With our inaugural fabric guide, END. delves into Stone Island’s textile archives, spotlighting a selection of the label’s iconic materials and their importance in the world of technical fashion.
A label centred around a relentless pursuit of textile innovation, led with passion and consistency by Carlo Rivetti, Stone Island’s status within the world of technical outerwear needs little introduction to the initiated, the fashion forward or the technologically minded. It’s been that way since Massimo Osti founded the label in 1982 — the brand’s first creation, the Tela Stella Smock, was born out of an experimentation on military tarpaulins, after all.
As the brand developed throughout the latter portion of the 20th Century, Stone Island would delve deeper into experimentation, exploring fabric treatments and constructions in a way that mirrored that of a scientific laboratory. The result is an archive filled with a near-endless list of pioneering fabrics; materials that have allowed the label to continuously push the boundaries of performance outerwear, forging into the unknown with a methodical and aesthetically-minded spirit.
With our inaugural fabric guide, END. takes a trip through Stone Island’s material archive, shining a light on some of the brand’s most iconic materials from the past and present, outlining their importance within the world of fabric development and their long-lasting impact on the world of technical fashion.
Nylon Metal is one of Stone Island’s most popular fabrics, and for good reason; it perfectly embodies the label’s experimental approach — both in its construction and its appearance. The fabric is built from a nylon yarn with three parts — or trilobate, as it’s so often called — with grey weft and white warp colours that are primed for garment dyeing.
Using this as the foundation, the fabric then undergoes an elaborate double-dyeing process at high temperatures. This is what gives Nylon Metal its unique appearance: it’s iridescent, possessing different tones and intensities that alter under changing light conditions. The foundations for what ultimately led to Nylon Metal were established years prior to its debut in 2005; Formula Steel debuted in the 1990s, and was made using a nylon shell that was bonded to a polyurethane film, then garment dyed to achieve its shimmering, metal-like effect.
Like many materials in Stone Island’s vast archives, Micro Reps is crafted to a military specification. The material’s weft yarns are thinner in diameter to its warp, allowing it to be tightly woven to make it compact and wind resistant. The finished product is often coated with an anti-drop agent, too, which helps to ensure that the material’s surface is dirt and water repellent.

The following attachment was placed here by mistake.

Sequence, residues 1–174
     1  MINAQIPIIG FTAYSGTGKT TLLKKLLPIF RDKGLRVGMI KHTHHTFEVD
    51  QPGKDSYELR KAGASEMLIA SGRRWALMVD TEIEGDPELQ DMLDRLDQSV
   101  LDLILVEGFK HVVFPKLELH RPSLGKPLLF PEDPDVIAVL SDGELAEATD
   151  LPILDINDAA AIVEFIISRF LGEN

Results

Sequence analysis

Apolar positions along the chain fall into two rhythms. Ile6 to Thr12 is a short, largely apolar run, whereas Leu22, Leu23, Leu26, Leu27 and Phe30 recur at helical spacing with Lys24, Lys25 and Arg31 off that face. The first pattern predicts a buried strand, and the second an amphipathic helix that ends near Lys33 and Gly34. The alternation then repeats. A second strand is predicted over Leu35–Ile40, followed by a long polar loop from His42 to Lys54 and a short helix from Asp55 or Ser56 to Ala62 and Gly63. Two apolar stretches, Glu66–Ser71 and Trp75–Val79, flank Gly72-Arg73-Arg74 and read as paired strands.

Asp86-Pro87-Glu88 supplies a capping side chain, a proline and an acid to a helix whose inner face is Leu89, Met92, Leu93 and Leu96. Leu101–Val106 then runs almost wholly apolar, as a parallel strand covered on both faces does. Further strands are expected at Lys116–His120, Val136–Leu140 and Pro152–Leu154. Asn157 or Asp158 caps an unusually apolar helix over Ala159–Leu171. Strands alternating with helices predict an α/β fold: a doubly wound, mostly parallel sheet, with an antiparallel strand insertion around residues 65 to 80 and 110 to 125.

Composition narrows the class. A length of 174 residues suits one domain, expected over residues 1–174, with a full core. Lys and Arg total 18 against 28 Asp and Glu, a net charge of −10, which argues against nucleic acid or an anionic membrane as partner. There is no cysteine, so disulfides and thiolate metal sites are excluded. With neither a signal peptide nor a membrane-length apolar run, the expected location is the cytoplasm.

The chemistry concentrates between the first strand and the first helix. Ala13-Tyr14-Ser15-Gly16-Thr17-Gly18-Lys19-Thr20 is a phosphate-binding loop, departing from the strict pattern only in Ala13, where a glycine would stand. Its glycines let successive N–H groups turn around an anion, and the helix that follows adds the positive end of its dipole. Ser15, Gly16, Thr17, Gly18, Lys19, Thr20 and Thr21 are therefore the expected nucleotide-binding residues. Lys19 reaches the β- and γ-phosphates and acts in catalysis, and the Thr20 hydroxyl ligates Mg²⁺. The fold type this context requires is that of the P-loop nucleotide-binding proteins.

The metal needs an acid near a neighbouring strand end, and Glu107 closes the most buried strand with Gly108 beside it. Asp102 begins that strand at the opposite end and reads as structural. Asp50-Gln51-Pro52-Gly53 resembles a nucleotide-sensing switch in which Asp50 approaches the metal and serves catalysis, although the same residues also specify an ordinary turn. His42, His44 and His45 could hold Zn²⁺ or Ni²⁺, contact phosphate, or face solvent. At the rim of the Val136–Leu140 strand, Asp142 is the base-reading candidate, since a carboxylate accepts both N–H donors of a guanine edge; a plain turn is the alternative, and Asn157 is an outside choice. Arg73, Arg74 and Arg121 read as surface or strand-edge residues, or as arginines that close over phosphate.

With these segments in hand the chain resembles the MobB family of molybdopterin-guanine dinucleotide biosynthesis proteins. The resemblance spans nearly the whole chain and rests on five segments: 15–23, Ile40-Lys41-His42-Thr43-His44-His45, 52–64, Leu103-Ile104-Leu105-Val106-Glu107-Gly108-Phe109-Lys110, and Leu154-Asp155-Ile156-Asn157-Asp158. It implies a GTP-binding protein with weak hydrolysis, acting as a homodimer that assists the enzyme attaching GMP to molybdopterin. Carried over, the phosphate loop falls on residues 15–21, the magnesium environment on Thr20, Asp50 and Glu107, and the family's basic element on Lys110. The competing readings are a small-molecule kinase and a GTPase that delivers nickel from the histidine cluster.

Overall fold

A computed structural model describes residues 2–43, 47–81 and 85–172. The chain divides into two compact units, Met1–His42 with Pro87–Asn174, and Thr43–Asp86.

David-TC starts out with a light, star-shape polyester layer that’s then sewn and simultaneously garment dyed at high temperatures — 130°C, to be exact. During the dyeing process, it’s given an anti-drop treatment, resulting in a fabric that’s not only super hardwearing, but resistant to dirt and water. David Light-TC has the same properties, only it’s much lighter — hence the name.
Raso Gommato plays an integral part in Stone Island’s design language, having been in many collections — either in its normal state or modified — since it debuted in 1983. The approach was to retain the garment’s waterproof functionality while reducing its rigidity, with Osti opting to use a long-fibre Egyptian cotton that was coated with polyurethane to achieve this. The fabric would then be garment dyed to add depth to its colour and make the material softer.
In Stone Island’s formative years, Massimo Osti spent an extensive amount of time working on a material that seemed more suited to military use. It was a tarpaulin — inspired by those used on military trucks — and made using a cotton canvas material. To soften the fabric and make it more suited to city use rather than military, it was coated with resin and dyed on either side, then washed using pumice stones. The result was a windproof garment that was reminiscent of old oilskins that were weathered and corroded by the sea. This, in many ways, set the tone for Stone Island’s approach to design; utility always serves as inspiration, and materials — whether that be construction technique, dyeing or treatments — are absolutely paramount.
One of — if not the — most iconic Stone Island pieces is the Ice Jacket. There are many reasons for this, like just how futuristic it was — now, even, and not just when it debuted in ‘88 — or the fact that it marked the beginning of the label’s use of thermosensitive materials, something that would continue right up until this very day. The term “Ice Jacket” refers to the jacket’s ability to change temperature: it was constructed using nylon that was coated using a thermosensitive liquid, with heat-sensitive molecules that allowed greater amount of light through depending on temperature. The resultant effect meant that you could walk out into the cold wearing one colour, and return wearing another, as if by magic.